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Net Worth: Definition, Calculator And FAQs

Cathie Ericson5-minute read
March 23, 2022

Understanding your net worth is a great way to monitor and track your financial progress and financial health. Maybe you’re looking to pay off debt or maybe you want to reach financial independence. Your net worth can be a guide to show you exactly how you’re progressing toward your goals.

Not sure what your net worth is? We’ll tell you everything you need to know.

What Is Net Worth?

Net worth is simply the total amount of your assets (things you own) minus all your liabilities (what you owe). It is an important indicator of your financial status.

When we mention assets, these are things like your house, your car, or money in your bank or savings account. Liabilities, on the other hand, are anything you owe, like the mortgage on your home or the balance on your credit card.

Net Worth Calculator

Wondering what your net worth is? It’s actually relatively easy to calculate. The basic formula is:

Assets – liabilities = net worth

This net worth worksheet can help you think of all the different assets and liabilities you might have. Just add up the market value of them to find out your net worth.

Input the worth of each of these; if you don’t have them, leave the line blank.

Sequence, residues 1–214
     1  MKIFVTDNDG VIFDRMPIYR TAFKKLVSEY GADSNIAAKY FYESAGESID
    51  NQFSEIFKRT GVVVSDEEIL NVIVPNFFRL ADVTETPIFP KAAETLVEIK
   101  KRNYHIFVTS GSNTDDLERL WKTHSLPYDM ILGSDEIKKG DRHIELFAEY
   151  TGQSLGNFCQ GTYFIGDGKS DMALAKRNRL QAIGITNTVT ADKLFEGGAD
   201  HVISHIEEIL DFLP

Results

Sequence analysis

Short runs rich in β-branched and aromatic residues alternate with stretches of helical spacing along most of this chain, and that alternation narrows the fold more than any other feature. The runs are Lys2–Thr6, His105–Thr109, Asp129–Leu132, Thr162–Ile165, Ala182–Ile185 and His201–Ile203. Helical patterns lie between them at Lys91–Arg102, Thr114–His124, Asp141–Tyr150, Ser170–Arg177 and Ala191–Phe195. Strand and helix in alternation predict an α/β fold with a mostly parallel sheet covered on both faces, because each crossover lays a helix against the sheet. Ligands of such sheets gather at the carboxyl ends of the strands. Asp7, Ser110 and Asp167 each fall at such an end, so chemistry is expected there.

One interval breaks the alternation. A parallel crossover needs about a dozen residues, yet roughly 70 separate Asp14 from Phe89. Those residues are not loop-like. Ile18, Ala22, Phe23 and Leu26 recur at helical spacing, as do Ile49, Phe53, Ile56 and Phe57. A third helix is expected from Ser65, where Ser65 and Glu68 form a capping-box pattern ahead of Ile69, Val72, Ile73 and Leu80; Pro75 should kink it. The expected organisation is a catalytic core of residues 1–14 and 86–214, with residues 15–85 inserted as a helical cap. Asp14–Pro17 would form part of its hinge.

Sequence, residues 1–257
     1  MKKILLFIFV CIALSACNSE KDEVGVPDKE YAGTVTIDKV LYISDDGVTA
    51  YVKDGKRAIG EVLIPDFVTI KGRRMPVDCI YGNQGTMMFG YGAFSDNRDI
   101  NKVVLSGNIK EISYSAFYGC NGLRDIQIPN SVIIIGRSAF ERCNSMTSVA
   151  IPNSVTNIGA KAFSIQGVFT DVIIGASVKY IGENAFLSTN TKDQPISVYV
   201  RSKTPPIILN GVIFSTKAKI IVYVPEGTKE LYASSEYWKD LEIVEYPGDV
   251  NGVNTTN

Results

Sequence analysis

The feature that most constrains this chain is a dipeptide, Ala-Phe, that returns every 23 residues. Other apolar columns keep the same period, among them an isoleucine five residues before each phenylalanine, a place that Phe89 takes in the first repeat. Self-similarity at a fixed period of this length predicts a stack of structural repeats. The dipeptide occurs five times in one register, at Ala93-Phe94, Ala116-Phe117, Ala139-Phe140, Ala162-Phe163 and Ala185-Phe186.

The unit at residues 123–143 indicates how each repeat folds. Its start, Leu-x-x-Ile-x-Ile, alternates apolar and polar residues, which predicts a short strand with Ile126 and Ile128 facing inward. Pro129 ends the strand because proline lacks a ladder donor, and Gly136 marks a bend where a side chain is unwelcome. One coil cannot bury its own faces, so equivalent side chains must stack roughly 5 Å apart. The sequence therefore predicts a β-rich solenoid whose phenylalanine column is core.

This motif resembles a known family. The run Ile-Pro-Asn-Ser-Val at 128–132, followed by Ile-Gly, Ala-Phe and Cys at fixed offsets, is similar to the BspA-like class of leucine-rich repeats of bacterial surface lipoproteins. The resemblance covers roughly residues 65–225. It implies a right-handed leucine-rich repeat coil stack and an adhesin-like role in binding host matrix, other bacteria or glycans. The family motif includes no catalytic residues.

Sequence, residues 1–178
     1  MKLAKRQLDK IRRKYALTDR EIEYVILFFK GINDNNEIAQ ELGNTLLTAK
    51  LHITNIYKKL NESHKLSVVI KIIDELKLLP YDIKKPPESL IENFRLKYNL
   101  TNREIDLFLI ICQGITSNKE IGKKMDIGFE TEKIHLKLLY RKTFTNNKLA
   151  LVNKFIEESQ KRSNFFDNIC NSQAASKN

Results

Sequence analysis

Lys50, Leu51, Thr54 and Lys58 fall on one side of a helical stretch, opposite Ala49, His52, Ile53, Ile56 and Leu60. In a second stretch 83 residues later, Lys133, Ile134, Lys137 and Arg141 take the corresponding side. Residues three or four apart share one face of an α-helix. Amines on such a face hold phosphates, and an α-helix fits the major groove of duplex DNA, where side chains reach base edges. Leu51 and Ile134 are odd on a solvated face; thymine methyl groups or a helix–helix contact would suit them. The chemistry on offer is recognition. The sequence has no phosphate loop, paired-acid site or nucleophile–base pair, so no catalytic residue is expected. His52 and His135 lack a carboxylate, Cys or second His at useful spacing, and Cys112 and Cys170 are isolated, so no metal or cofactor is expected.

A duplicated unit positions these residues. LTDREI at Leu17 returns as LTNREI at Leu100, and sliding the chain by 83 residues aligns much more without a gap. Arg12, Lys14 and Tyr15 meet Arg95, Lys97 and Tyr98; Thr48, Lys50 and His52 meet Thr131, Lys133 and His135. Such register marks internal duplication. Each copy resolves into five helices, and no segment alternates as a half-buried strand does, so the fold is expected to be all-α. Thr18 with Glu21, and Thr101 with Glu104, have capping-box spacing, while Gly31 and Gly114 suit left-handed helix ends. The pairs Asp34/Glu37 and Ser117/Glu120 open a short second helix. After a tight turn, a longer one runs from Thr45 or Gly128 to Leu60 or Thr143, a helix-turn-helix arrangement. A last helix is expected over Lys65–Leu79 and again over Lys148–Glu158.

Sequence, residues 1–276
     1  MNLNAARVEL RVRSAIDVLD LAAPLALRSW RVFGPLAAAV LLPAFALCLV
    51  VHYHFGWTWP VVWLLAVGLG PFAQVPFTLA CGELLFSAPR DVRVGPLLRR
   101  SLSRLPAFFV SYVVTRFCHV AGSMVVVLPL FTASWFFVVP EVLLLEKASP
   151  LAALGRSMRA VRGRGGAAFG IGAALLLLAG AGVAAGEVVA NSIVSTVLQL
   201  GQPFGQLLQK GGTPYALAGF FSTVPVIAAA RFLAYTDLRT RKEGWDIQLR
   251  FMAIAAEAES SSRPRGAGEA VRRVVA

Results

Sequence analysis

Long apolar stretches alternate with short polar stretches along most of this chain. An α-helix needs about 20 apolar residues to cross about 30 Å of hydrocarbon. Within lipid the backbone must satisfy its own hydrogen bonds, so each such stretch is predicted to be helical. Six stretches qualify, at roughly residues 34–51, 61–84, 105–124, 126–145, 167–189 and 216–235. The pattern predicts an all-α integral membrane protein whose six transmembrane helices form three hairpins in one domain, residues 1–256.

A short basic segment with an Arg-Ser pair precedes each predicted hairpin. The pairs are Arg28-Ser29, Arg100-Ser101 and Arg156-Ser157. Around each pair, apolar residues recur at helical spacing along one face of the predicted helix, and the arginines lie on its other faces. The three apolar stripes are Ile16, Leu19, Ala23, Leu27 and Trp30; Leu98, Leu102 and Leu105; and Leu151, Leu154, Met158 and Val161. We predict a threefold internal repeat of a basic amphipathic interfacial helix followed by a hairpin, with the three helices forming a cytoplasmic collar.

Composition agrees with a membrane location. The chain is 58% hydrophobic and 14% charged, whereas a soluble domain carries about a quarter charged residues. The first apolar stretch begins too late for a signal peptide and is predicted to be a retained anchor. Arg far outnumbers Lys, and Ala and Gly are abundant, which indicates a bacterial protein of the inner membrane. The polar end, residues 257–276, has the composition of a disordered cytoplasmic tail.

Potential Assets

  • Real estate
  • Checking accounts
  • Savings accounts
  • Retirement accounts (IRA, 401(k))
  • Cars
  • Other

Add them up to find out your total assets.

Then subtract your liabilities:

Potential Liabilities

  • Mortgages
  • Credit card debt
  • Personal loans
  • Student loans
  • Car loans
  • Other

The remainder will be your net worth.

Net Worth FAQs

You might have lots of questions related to net worth; here are some common ones and their answers.

Why Does Net Worth Matter?

Understanding your individual net worth is important because it helps you monitor your financial health. It’s important to keep a close eye on it by tracking your total assets in order to make sure their value is continuously growing, or if needed make necessary changes to them. It also gives you transparency into what debts you have and how large they are so that you can work hard to pay them off.

What If My Net Worth Is Negative?

When you calculate your net worth, you might discover that it’s negative. There’s no need to panic, as this frequently happens, especially for someone younger who’s newer to the workforce. For example, you might have a high amount of student loan debt and because you’re just beginning your career, you haven’t had a chance to build up many assets.

But if you’ve been working for a number of years, built up a significant amount of assets, and still have a negative net worth, it’s time to look at where your money is going each month. You’ll most likely find that you’re over borrowing.

For example, you might have a car loan that’s higher than the value of your car. Maybe you have a significant amount of credit card debt, or you’re paying off a large medical bill. These situations can all lead to negative net worth. That’s when it’s important to construct a plan for eliminating your debt and lowering your spending each month in order to increase your net worth.

How Can I Increase My Net Worth?